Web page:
CSR and business ethics advocates postulate, “Corporations have an interest in leveraging their skills and impact to promote stability in their areas of operation, not only because it is the right thing to do, but also because it makes good business sense” (Bennett, 2002).
In order to ‘police’ the operations of the MNCs, traditional human groups have utilized international law to ensure these corporations are not complicit in human rights abuses and the overall general consensus has been that MNCs operating across borders need to take responsibility for the effects of their operations on the local environment and population (Bennett, 2002).
Multinational corporations have been seen to challenge the ability of sovereign nations to control corporate operations and impacts where they appear to be too big and powerful (Boatright, 2003 cited in Bacher, 2007).
At the same time, unregulated operations of the MNCs have thrived due to poor enforcement of the international law which has led to vacuum that only self-imposed, enforced and monitored standards can fill, making it a risky undertaking (Bacher, 2007). When these MNCs show laxity in their corporate operation, the public concern heightens due to lack of a representative to champion the interests of the society.
Generally, what becomes evident among these MNCs is the lack of social and environmental responsibility, where social responsibility arises from social power that MNCs possess (Bacher, 2007). In some cases, self-imposed standards have existed, but they have been limited to addressing only the interests of the corporation and the avenues where the corporation function-market (Bacher, 2007).
CSR has been viewed by others to be costly, and therefore reduce the profitability of the firm. However, the basis here can be that business as an entity has responsibility to numerous and diverse groups in society and not just owners of the business (Corporate social responsibility, n.d).
The responsibility further extends to the natural environment and the community. With the growing awareness among the people and increasing risks created or initiated by businesses, it becomes costly to a company if it does not act responsibly or if the general perception believes, the business is not being responsible to its stakeholders.
Therefore any meaningful balance between well created CSR policies and guidelines and the cost associated in implementing them have a chance to re-brand the image of the business, increase stakeholders confidence in the business and also reduces legal costs for the business and in the long-run the benefits for the business will outweigh the initial costs of implementation.
Critical ethical issues from the Bhopal disaster
The Bhopal disaster is an event that revealed how ethical behavior can elapse at full watch by key stakeholders such as the government, organs of the government and the companies involved.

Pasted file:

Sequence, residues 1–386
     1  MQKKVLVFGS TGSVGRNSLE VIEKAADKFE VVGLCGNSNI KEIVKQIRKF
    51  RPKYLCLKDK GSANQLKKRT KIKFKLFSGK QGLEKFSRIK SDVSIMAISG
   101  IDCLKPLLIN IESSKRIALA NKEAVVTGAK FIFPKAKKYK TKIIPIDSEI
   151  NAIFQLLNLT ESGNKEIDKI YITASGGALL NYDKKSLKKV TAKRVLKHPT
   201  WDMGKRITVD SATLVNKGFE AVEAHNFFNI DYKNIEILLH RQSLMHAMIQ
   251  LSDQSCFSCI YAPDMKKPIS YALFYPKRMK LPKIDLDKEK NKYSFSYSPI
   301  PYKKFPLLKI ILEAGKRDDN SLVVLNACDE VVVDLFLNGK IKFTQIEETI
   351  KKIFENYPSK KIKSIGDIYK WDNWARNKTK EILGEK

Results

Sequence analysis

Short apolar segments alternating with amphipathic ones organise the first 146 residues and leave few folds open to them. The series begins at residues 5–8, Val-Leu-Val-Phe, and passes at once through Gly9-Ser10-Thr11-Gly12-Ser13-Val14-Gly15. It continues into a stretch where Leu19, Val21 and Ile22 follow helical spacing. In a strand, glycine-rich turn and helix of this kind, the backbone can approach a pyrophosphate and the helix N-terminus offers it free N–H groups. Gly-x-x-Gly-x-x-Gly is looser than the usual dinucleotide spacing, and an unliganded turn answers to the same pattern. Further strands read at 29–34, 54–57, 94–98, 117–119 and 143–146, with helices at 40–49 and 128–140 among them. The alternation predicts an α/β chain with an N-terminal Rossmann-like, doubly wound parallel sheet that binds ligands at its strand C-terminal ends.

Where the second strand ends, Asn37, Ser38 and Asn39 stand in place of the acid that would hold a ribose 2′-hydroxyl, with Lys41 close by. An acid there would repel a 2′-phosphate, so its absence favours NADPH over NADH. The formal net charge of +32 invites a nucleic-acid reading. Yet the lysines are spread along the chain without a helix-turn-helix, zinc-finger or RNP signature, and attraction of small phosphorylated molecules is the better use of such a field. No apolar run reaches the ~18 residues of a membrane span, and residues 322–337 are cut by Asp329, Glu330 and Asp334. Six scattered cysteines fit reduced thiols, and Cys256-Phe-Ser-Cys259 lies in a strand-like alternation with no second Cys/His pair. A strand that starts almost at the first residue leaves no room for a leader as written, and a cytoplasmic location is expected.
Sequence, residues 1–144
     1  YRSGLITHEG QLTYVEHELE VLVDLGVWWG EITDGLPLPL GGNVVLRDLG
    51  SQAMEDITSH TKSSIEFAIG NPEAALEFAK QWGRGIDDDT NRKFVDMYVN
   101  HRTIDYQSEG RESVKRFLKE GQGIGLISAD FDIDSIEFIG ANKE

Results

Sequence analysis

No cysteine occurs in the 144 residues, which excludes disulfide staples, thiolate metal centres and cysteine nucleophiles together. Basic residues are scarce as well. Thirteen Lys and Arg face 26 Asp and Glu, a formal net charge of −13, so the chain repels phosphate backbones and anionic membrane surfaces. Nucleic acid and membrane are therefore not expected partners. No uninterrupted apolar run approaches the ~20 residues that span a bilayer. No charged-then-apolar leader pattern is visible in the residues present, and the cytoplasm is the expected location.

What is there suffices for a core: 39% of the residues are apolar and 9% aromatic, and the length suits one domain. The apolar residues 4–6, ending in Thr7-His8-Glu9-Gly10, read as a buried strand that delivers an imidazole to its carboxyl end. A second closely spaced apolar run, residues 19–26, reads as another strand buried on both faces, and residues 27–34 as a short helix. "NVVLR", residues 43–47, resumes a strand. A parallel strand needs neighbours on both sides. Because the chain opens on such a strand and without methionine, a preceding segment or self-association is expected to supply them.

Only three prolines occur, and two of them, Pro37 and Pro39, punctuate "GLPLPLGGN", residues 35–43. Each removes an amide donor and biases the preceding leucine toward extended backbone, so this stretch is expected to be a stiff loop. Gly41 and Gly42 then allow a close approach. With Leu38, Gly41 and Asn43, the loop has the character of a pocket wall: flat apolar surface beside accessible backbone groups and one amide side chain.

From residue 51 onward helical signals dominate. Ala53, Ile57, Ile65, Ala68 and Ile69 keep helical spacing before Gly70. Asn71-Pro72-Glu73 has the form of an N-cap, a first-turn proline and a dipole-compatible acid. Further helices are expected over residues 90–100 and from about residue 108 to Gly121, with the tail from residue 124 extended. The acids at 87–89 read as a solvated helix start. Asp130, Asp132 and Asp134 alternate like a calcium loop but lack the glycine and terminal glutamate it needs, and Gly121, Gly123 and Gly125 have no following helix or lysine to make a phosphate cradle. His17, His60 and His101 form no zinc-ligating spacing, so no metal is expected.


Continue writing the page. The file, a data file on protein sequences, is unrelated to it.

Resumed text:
Therefore, because of the disaster, critical ethical issues emerged specifically from the tragedy itself, the conduct, and reaction of the UCL Company, the government’s role, the company’s failure to ensure appropriate safety measures and standards and lastly the agony of the victims due to delayed justice.
When the tragedy took place, the first reaction of the UCL Company was to deny and distance itself from drama claiming the Indian plant was fully responsible. Further, the company accused one of its employees to have carried out ‘a sabotage mission’ in a ‘revenge’ attack.
Ethically how can UCL, with majority shares in Indian plant, deny its responsibility to the tragedy? How is the current law concerning MNCs contribute to MNCs evasion of duties due to the inappropriate behaviors of the subsidiary plants and hence is it ethical for such law to continue operating in such form?
Further is it ethically for MNCs continue controlling their subsidiary plants in terms of daily operations but in an event of accident leave the responsibilities to the plant in an effort to evade duties and if so, what should be the extend of MNCs involvement in activities of their subsidiary plants?
On its part, was it ethical for the Indian government to grant the company land in a densely populated region even after studies showing the dangers of such undertaking was carried out? Was it ethical for the same government to entrust the company with full responsibilities of enacting safety standards without regulation or monitoring mechanisms in place?
Why was the government reluctant to inspect the equipment of the company to ensure its safety and sustainability? Was it ethical for the state government of Madhya Pradesh to deny the citizens of Bhopal critical safety information that would have enlightened them on the possibility of disaster occurring (Frewen, 2010)? For UCL Company, how was there reaction? Why did they not alert people?
Why were the alarms not functioning? After the tragedy, UCL CEO came to India but was arrested by the state of Madhya Pradesh police before the New Delhi government intervened and secretly deported him, therefore, was it ethical for the company to deport the CEO when charges against him were abundant (Frewen, 2010)?
And up to now, the CEO is still free and comfortable, while victims loathe in suffering and despair, hence is it ethical for the legal and government institutions to continue with their laxity in ensuring justice is done?
Then lastly on the compensation of the victims, was it done in an ethical manner of fairness and justice, putting in place numerous factors as a result of the disaster?
Did the compensation meet the emotional, psychological, and physical torture of the victims, how ethical should the compensation system be carried out? Is it moral for justice to victims to continue being delayed? And how ethical can the government, agencies of government, and the company ensure future business operations do not pose risks to the citizen?